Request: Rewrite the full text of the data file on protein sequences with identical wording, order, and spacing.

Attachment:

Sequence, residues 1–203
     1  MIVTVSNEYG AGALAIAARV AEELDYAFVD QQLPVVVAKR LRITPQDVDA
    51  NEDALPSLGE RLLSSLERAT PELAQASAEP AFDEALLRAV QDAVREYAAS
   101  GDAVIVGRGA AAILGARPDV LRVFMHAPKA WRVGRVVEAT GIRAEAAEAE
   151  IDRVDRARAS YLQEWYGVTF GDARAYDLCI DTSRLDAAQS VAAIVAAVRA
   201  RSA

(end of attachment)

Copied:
Sequence, residues 1–203
     1  MIVTVSNEYG AGALAIAARV AEELDYAFVD QQLPVVVAKR LRITPQDVDA
    51  NEDALPSLGE RLLSSLERAT PELAQASAEP AFDEALLRAV QDAVREYAAS
   101  GDAVIVGRGA AAILGARPDV LRVFMHAPKA WRVGRVVEAT GIRAEAAEAE
   151  IDRVDRARAS YLQEWYGVTF GDARAYDLCI DTSRLDAAQS VAAIVAAVRA
   201  RSA